10 Media Ground Rules to Use With Reporters
Reporters ask lots of questions. What if one of those happens to be, “Do you have time for a few questions?” Then, we have some media ground rules for you.
During our media training classes, we often hear from clients who are concerned – sometimes even fearful – that they will fail to get their messages across, make a mistake, or say too much while being interviewed by a journalist. Certainly, there are times when a spokesperson may face hostile or challenging questions. However, more often than not, reporters are simply seeking answers to file accurate and engaging stories.
The 10 media ground rules that follow address the needs of spokespersons and other media guests, as well as accommodate reporters’ journalistic standards.
Before we start, we offer an entry point. All 10 media ground rules flow from this fundamental question: “Should I agree to the interview?” If the story will be written about your organization with or without your participation, then the answer is usually “yes.” You can’t guarantee what the reporter will write, but you can help guarantee that your voice or your organization’s voice, will be represented.
A “no” might be the better response if:
- the topic is not relevant to your work.
- you question whether it is a legitimate news outlet.
- the story is not specifically about you or your organization. Rather, you are being asked to comment on a topic that you’d rather not be associated with, such as failing businesses.
- you gain nothing by doing it.
- the reporter or news organization is so loaded against you, historically, that being absent is better than being present.
With that out of the way, let’s move on to the rules.
10 Media Ground Rules
No. 1 – Pre-interview the Reporter
You pick up the phone and there is a reporter at the other end. Many spokespersons and subject-matter experts are compelled to answer questions immediately. Unless it is a breaking news moment, and you are prepared, it’s generally best to hold off and offer to return the call promptly. The pause allows you to prepare before you speak. But …. before you hang up, take a few minutes to learn more about the reporter and the focus of the story. For instance, you could ask, “Can you tell me about the story you’re working on?” You also can ask how you fit into the piece. Is the reporter interviewing others? Is there any research you need to do prior to the call? (You can find a few others here). You may not get all the answers, but any information is helpful.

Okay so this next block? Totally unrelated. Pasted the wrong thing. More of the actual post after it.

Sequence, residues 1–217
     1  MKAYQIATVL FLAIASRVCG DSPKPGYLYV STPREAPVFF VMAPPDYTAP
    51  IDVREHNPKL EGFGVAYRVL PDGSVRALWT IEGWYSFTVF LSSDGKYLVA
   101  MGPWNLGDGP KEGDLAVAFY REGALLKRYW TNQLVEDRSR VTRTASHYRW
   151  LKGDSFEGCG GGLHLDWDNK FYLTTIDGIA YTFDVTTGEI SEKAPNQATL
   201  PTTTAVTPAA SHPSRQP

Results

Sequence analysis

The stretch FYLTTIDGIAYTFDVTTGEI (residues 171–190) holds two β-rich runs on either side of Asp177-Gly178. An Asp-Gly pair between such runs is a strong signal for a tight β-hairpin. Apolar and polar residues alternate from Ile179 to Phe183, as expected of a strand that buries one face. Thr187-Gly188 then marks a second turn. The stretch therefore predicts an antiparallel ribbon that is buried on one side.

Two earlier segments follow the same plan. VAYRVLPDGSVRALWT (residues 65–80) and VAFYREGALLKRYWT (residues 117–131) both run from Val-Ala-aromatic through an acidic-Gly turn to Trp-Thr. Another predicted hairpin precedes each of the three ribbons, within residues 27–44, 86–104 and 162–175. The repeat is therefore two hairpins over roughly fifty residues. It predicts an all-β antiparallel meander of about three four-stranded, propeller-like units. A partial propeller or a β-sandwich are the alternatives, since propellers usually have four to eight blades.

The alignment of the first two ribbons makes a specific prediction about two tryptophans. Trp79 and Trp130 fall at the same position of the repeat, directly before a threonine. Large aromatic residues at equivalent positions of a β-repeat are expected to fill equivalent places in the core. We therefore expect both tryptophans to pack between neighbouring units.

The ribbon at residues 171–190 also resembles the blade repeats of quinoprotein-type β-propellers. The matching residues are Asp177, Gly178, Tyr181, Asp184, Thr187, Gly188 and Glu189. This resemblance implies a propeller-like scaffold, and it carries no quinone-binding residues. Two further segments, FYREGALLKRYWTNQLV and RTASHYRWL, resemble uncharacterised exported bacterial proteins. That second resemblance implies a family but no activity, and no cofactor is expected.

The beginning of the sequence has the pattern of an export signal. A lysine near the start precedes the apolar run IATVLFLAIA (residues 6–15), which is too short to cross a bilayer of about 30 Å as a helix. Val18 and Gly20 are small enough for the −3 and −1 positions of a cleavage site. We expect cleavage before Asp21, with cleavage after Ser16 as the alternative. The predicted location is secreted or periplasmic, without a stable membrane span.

After you’ve researched the reporter and prepared for your interview, return their call.
No. 2 – Know the Deadline
It’s best not to wait until the deadline to return a reporter’s call. A deadline is what reporters work toward. And, few journalists enjoy cranking out a story with moments to go. If you wait until the last minute, you likely will reach a reporter who has built up most of the story. At best, you might be able to get a brief comment into the story. Fundamentally, you missed a chance to help frame the story. You could have provided a deeper perspective on the subject or persuaded the reporter to consider an alternative viewpoint or angle.
On the other hand, perhaps you have determined “the less said, the better” is the best strategy. If you offer a short statement close to the deadline, then you can avoid uttering Media Ground Rule No. 3
No. 3 – Never say, ‘No comment’
There is no phrase more damning in a spokesperson’s lexicon. You said it because:
You were gathering your thoughts.
You don’t have an answer.
The answer is a sensitive one that needs further review.
Or, you don’t want to answer the question.
There are many reasons you answered as you did. The public, however, usually only has one impression – guilty as charged.
That’s not to say you must spill the beans. If you suspect there might be a question that would impel you to say such a response – or you simply want to be prepared for all scenarios – set a plan. In other words, develop a response that explains why a “no” comment is your only option (“I can’t say more about this topic because …”). If possible, explain how your discretion is not just for your benefit. An example:
“We do not comment on ongoing union negotiations, because negotiating in good faith means we speak directly to each other rather than using the press as a tool to advance our goals.”
No. 4 – Avoid Off the Record Conversations
Have you ever told a friend a secret only to learn another friend knows it? What happened? Secrets are hard to keep. In journalism, the idea of confidentiality, what’s known as “off-the-record,” can be problematic. Without a universal definition across all news organizations (even among individual reporters), it’s hard for reporters and their sources to keep it straight. In most cases, we advise our clients to avoid its use.
Rather, it should be a rare occurrence that is only established as a strategic plan well in advance. Truly, there is no guarantee that you will not be revealed as the source. So, if you decide to go off-the-record, here are some preliminary steps: